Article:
The apparel retailing sector of the US economy is also projected to suffer if the tax cuts get repealed at the onset of 2013. Since 2007, revenue for this sector (which includes women's clothing stores, shoe stores and department stores, among others) has declined at an average annual rate of 2.3% due to declining disposable income and, consequently, falling demand. Its revenue volatility has been slightly less drastic than that of the auto sector, but still highlights the segment's dramatic annual fluctuations.
In 2008, 2009 and 2010, revenue declined by 6.7%, 5.7% and 0.5%, respectively, reflecting consumers' unwillingness to part with their limited funds for nonessential clothing. If consumers again lose their impetus and financial capacity to shop for clothing due to the expiration of tax cuts under the fiscal cliff, industries in this sector, especially those supplying high-end and high-priced clothing, will suffer in the next year.
By contrast, those selling essential items, like babies' and children's clothes, will be less affected because demand for these items is based more on need rather than keeping up with trends.
Entertainment is another area that is highly sensitive to fluctuations in consumer spending power. Included in this sector are industries such as museums, casino hotels and golf courses and country clubs.
Because many of these activities are luxuries rather than necessities, consumers are quick to cut them out of their budgets once per capita disposable income begins to decline. As a result, this sector's revenue has shrunk at an average annual rate of 0.1% during the past five years - a rate the masks dramatic fluctuations over the period.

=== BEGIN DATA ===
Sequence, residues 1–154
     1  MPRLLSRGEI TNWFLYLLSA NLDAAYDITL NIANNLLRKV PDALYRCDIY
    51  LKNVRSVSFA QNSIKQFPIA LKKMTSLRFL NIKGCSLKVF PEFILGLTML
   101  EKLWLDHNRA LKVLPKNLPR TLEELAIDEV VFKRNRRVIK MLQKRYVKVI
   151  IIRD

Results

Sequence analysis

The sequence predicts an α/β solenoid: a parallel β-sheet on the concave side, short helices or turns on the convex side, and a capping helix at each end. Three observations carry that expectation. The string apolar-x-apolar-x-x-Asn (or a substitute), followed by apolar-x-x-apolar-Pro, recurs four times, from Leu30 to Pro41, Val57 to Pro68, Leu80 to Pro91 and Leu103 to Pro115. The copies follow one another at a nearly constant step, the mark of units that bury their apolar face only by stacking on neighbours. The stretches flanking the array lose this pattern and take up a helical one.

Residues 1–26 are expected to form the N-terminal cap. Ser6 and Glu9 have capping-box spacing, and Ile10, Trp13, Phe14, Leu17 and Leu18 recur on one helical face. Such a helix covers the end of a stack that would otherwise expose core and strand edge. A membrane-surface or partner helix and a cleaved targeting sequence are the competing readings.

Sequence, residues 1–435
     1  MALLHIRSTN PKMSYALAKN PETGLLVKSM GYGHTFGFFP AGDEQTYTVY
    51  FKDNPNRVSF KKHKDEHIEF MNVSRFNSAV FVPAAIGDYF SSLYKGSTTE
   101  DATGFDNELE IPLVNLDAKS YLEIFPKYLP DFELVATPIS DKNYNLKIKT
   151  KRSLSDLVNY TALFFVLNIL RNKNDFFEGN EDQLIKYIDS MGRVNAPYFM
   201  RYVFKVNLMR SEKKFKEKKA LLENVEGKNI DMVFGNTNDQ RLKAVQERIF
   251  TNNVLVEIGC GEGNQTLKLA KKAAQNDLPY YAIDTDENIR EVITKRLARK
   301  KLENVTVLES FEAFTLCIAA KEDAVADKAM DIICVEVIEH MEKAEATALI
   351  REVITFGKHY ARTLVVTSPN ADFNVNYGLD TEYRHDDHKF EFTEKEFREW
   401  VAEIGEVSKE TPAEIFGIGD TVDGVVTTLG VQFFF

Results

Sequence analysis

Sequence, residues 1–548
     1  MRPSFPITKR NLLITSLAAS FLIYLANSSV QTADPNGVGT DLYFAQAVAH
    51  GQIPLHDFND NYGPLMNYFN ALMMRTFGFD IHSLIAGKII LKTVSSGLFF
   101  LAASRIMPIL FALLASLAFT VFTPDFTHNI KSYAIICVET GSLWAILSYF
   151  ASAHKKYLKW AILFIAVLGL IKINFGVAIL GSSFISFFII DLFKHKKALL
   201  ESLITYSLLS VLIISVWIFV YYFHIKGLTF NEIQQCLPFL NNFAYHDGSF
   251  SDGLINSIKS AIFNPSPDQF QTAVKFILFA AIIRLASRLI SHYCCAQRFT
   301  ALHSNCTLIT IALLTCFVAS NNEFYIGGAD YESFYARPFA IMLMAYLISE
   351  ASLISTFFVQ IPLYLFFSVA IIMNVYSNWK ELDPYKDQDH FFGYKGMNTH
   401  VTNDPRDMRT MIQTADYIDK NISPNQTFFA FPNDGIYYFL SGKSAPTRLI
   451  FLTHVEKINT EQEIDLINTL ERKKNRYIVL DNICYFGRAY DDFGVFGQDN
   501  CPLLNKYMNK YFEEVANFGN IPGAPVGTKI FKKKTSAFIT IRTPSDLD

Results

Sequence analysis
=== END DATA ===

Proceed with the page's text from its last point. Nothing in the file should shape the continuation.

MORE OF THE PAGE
Highlighting its widely perceived nonessential nature, sector revenue was declining in 2008 even before disposable incomes dropped, due to crashing consumer confidence. A rebound in consumer spending power has not completely revived this economic segment, which foreshadows its deep potential drop if tax breaks are not revived at the end of 2012.
Uncertain road ahead
If the effects of low disposable income during the Great Recession are any indication of what the fiscal cliff has in store, these sectors should start bracing for some major challenges in the years ahead.
With recessionary struggles still fresh in the mind of many Americans, this blow to disposable income is all it will take to send consumer sentiment crashing again. Should tax rates increase by 5.0 percentage points for the average household, and even up to 13.0 percentage points for some, budgets will tighten and demand for nonessential products will fall.
While the reach of the fiscal cliff would go beyond the sectors outlined above, its impact would be especially detrimental to businesses operating within these segments due to their sensitivity to household disposable income and poor performance during the recession.
This, however, all depends on whether or not Congress and President Obama can reach a viable agreement that will prevent the expiration of several tax breaks that were initiated during the past decade.